The thought of the best two teams in Spain if not the world locking horns is certainly something to savour. But if it happens 4 times in 18 days is it a footballing spectacular or does the familiarity breed boredom?
It’s not the first time it’s happened, though it has been 95 years, back in 1916 the two battled it out 4 times in 20 days with Barcelona winning twice, Real once and one draw. All of those ties were in the Copa del Rey with the 3rd game in the series (1st replay) finishing 6-6! We can only dream! A little more recently back in late November the El Clásico was expected to be a closely run tie, although Barça had just started clicking into gear, Real were progressing nicely as well. José Mourinho was the man with all the answers, after all it was his Inter side that had defeated the Catalans on route to winning the Champions League at the Bernabéu. Expectation was that a similar tactic would be employed, “the park the bus” approach whilst wouldn’t be popular to with the Madrilenos, was seen as José’s tried and tested formula. The Portuguese manager instead went for a high line, what followed was one of the greatest team performances seen in football as Barcelona demolished their rivals 5-0.
The last time Real Madrid beat Barcelona the very next day it was announced “Pep” Josep Guardiola i Sala would be L’equip blaugrana’s new manager, the side from the Nou Camp have not looked back since with a total aggregate score over the five games being a massive 16-2. Between the two managers the first of the games will be there forth encounter, Pep leads this 2-1 but ultimately José has defeated him over the course of a two-legged tie. The smart money would suggest Barça for the league and cup games and Real for the European ones but I’ve never been too good at predictions and anything can happen in football nevermind derbies.
The problem most English-speaking writers of the Spanish game have with the series of matches is that it doesn’t do anything to discourage the critics. Those that say it’s a two team league in La Liga, the rest aren’t up to standard. However what is probably coming to be realised is that the rest of Europe aren’t up to their standard either. Within Spain the press don’t do anything to discourage that the leagues all about Barcelona and Real Madrid. Writers like myself want people to realise there’s more to Spanish football than the “big two”. There’s fantastic footballing sides, clubs and players that don’t get the full credit they deserve from the media worldwide. Valencia were unlucky to have not progressed to the Champions League Quarter finals and Villarreal are close to a Europa League Semi final. But due to the television deal within the league it’s fair to say there is an imbalance, some writers avoid watching the top two altogether as some games are such a formality. All leagues have a disparity between the top and bottom though, it’s just some are more obvious than others and even this will change from time to time.
When English sides have played each other frequently, the media have embraced it. The regular battles of Liverpool, Chelsea, Arsenal and Manchester United in various scenarios in the knockout stages of Europe’s premier competition in recent history have been seen as a sign of how strong the Premier League is. Phrases such as the “Battle of Britain” are rolled out, the idea that it’s too much is not even contemplated. Maybe however its the space between the games that makes the difference. When Chelsea played Liverpool five times in one season the League Cup Final was separated by two months before the first of the European semi-finals commenced.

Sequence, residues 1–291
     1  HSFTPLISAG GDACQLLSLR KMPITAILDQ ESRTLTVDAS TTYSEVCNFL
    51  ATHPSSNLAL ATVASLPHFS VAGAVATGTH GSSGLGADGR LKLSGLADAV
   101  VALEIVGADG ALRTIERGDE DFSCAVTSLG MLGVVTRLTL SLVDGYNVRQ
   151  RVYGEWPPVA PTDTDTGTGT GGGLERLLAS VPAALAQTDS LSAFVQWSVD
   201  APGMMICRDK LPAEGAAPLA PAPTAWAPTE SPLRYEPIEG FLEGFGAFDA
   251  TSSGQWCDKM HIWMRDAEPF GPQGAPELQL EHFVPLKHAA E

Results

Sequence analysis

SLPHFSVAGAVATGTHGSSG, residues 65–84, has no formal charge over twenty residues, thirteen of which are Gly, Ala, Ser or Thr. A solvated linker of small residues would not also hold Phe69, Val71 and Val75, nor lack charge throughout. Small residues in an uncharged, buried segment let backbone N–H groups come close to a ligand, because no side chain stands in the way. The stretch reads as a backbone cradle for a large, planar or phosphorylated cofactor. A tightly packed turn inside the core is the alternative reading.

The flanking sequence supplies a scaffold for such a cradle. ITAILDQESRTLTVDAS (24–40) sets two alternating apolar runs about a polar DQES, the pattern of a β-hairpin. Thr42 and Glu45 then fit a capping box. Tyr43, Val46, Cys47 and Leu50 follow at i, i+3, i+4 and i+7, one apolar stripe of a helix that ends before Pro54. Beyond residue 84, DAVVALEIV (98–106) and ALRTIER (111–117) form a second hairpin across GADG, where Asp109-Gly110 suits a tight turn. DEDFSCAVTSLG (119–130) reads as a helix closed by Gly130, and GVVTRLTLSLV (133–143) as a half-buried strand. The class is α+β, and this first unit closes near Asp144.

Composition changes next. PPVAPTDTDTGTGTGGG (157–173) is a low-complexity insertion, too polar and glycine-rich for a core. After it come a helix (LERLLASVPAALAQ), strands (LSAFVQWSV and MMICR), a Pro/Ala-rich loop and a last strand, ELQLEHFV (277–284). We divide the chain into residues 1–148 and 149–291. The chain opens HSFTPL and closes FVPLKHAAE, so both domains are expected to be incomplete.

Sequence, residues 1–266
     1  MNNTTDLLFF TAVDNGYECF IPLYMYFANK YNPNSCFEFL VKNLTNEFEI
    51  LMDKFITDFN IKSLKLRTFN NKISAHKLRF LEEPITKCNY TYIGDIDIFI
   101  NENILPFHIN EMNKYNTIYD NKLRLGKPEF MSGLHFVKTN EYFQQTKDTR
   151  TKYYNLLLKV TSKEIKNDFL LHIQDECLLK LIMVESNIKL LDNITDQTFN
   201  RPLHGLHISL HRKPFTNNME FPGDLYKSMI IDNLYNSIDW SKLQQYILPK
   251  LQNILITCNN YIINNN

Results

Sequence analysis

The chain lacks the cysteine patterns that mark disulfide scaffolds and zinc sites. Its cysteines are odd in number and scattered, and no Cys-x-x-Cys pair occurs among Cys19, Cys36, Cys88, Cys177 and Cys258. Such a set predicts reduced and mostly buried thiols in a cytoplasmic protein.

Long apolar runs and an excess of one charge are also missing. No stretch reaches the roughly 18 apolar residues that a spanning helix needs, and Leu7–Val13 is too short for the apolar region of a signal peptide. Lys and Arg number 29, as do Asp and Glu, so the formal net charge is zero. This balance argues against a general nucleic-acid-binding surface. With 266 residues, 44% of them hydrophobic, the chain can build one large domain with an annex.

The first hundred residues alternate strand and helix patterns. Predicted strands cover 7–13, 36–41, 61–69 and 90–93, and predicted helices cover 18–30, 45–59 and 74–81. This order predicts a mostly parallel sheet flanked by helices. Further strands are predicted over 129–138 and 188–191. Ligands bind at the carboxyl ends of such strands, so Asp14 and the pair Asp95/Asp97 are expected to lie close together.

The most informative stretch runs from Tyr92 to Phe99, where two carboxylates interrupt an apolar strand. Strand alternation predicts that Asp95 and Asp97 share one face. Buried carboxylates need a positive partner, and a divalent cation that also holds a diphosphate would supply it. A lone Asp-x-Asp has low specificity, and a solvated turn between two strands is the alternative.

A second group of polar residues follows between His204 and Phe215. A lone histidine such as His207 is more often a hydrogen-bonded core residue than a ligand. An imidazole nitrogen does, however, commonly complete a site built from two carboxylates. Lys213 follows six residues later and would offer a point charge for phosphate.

A series of matches like these should be celebrated. When things occur so often they begin to be taken for granted but we should all remember that this isn’t the norm. In 10 years time events such as these will be looked back upon, all leagues and countries have their cycles. These games will be part of the legend of when Spain dominated football both internationally or through one of the best two teams. The Spanish media will go into overdrive over the games, but why not, they are maybe the biggest series of games that two club sides have ever faced. Everyone of these games are not to be missed, whilst the league is pretty much done and dusted, the game takes significance as it’s the first showing of either sides hand and whoever draws first blood will strike a massive psychological blow. For the casual observer if they only wish to watch one of these games then the Copa del Rey final is the match, a one-off game on a neutral ground with only that result of consequence. Then the biggest and most expensive game of chess seen, a two-legged semi final to decide who will be at Wembley for the European Cup Final 2011.
Both managers preferred first choice elevens have become fairly obvious throughout the season. But injuries and suspensions will mean that these aren’t on show though, those looking for tactics previews can be rest assured that a couple of surprises will be sprung at least by Mourinho if not from Guardiola. As each game unfolds personal duels will develop and hostility will increase. Whilst Jose has been fairly quiet up to now, expect the mind games to increase as the semi finals become nearer. Phil Ball, the author of Morbo: The Story of Spanish Football, calls the El Clásico “a re-enactment of the Spanish Civil War” such is the passion and fight generated from this game. When Eidur Gudjohnsen spoke recently to Sky’s flagship magazine of the League programme on the derby he said “One of the players wrote on the wall, ‘Don’t worry boys there’s only 100 million people watching this”. That was about the intensity of one game but no one was on hand to talk about Four of them.